Couric: Nefarious Talking Point Coordination from McClellan Critics

The ABC, CBS and NBC evening newscasts, naturally, all led Wednesday night with Scott McClellan's attacks on the Bush White House, but CBS anchor Katie Couric inaccurately reported McClellan was “forced out” of his Press Secretary position “last year” (he left in early 2006) and, interviewing McClellan's predecessor Ari Fleischer, she tried to discredit White House defenders by demanding to know if they were reading from coordinated talking points. As if that's somehow improper.

Couric told Fleischer: “A lot of people seem to be saying, in response to this book, that 'this doesn't sound like' the Scott McClellan they knew. Let's take a listen.” Viewers then saw clips of Karl Rove (“This doesn't sound like Scott”), Dan Bartlett (“He's like a fundamentally different person than all of us knew”) and Trent Duffy (“The voice that comes out of this book is certainly not Scott McClellan's”). Couric insisted “it sounds as if you all are operating from the same play book,” before asking: “Did you get together and discuss how to respond to this?” Fleischer denied Couric's assumption: “No, I think that it's just that we all worked shoulder-to-shoulder with Scott for so long and we never heard Scott talk about manipulation, talk about propaganda.”

Leading her newscast, Couric had asserted: “Scott McClellan was President Bush's chief spokesman from 2003 until he was forced out last year.” In fact, he left in 2006. Fill-in CBS Evening News anchor Russ Mitchell teased the Wednesday, April 19, 2006 newscast: "More big changes at the White House. Political guru Karl Rove loses one of his key roles, and Scott McClellan is out as the President's chief spokesman."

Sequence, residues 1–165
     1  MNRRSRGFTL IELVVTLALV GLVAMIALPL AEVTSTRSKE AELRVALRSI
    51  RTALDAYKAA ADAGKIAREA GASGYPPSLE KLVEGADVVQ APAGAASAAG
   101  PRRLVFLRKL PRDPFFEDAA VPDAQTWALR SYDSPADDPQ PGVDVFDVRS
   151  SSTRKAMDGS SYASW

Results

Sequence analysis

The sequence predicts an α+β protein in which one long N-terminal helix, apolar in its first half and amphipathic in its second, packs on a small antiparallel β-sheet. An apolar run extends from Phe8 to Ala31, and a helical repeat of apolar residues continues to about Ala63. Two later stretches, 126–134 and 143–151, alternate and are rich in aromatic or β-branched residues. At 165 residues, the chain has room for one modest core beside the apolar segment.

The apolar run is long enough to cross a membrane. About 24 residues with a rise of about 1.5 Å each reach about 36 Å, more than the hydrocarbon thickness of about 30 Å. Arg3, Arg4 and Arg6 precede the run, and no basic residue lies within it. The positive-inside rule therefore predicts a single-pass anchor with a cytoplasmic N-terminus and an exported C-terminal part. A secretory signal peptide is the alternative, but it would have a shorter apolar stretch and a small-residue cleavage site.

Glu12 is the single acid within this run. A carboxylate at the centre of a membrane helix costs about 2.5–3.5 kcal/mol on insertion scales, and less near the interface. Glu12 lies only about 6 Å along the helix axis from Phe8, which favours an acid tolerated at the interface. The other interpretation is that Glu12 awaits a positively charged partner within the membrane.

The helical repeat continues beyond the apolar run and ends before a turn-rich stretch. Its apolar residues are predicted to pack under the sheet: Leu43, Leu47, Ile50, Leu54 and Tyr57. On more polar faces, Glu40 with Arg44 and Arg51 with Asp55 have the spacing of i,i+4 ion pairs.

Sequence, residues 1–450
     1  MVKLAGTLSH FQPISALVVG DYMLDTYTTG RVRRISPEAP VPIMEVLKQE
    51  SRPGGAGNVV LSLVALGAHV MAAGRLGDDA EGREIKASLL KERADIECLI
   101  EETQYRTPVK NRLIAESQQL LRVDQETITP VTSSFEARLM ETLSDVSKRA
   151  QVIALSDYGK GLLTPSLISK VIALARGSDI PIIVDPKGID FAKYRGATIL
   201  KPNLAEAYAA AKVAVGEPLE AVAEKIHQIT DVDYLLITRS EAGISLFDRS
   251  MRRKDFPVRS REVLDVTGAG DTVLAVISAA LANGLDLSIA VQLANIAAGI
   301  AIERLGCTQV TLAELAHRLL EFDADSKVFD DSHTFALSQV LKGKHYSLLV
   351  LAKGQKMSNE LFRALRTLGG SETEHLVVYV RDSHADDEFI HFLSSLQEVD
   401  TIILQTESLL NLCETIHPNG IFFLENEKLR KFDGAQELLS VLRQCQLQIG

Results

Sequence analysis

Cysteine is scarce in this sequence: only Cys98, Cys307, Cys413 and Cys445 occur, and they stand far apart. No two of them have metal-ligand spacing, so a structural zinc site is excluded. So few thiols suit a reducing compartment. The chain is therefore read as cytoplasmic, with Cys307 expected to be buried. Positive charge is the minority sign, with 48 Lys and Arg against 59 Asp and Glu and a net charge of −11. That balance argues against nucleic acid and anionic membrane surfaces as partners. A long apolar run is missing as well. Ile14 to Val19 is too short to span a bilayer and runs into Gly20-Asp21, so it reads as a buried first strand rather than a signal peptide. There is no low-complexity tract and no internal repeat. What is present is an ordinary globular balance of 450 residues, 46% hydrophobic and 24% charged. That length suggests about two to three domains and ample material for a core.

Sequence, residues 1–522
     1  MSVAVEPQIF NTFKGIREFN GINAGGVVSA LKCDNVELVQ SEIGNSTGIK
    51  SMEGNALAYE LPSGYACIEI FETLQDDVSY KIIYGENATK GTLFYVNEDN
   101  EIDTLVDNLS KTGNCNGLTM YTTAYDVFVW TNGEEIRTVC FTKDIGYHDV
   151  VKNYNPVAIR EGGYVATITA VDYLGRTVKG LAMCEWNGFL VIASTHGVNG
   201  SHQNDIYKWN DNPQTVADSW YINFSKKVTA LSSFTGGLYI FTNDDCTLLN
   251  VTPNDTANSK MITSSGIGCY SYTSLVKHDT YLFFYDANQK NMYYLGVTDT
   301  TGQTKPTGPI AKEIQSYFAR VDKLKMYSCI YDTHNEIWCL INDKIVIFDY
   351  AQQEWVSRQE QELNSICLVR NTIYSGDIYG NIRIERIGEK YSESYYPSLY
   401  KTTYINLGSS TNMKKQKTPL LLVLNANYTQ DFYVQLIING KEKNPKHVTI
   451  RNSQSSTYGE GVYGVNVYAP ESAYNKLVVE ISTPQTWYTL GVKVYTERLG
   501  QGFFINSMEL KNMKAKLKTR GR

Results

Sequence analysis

The MRC's Brad Wilmouth corrected the closed-captioning against the vide to provide this transcript of the questions Couric posed to Fleischer in the interview aired on the Wednesday, May 28 CBS Evening News:
KATIE COURIC: Ari, what do you think of this book and the charges made in it?

[ARI FLEISCHER]

Well, does that mean he didn't necessarily have these feelings and perhaps was too timid to express them?

[FLEISCHER]

A lot of people seem to be saying, in response to this book, that this doesn't sound like the Scott McClellan they knew. Let's take a listen.
KARL ROVE: This doesn't sound like Scott. It really doesn't. Not the Scott McClellan I've known for a long time.
DAN BARTLETT: He's like a fundamentally different person than all of us knew.

TRENT DUFFY: The voice that comes out of this book is certainly not Scott McClellan's.
COURIC: With all due respect, Ari, it sounds as if you all are operating from the same play book. Did you get together and discuss how to respond to this?

FLEISCHER: No, I think that it's just that we all worked shoulder-to-shoulder with Scott for so long and we never heard Scott talk about manipulation, talk about propaganda....

COURIC: Members of the administration always said there were definitely weapons of mass destruction in Iraq. Not that there were reports of weapons, not that people believed there were weapons. Looking back on it, wasn't that a mistake?

[FLEISCHER]

As you well know, the President has very low approval ratings at this juncture. How do you think this will affect the way he is viewed by the American people?

[FLEISCHER]
Brent Baker
Brent Baker
Brent Baker is the Steven P.J. Wood Senior Fellow and VP for Research and Publications at the Media Research Center